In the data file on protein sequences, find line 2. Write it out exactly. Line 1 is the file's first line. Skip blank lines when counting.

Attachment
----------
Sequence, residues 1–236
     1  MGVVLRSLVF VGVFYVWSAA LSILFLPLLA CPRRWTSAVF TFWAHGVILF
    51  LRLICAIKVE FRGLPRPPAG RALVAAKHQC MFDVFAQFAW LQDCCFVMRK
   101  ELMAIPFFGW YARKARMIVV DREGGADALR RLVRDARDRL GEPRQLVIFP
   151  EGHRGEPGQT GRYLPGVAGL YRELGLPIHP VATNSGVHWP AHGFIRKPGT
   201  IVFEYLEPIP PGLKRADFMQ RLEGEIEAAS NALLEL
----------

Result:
     1  MGVVLRSLVF VGVFYVWSAA LSILFLPLLA CPRRWTSAVF TFWAHGVILF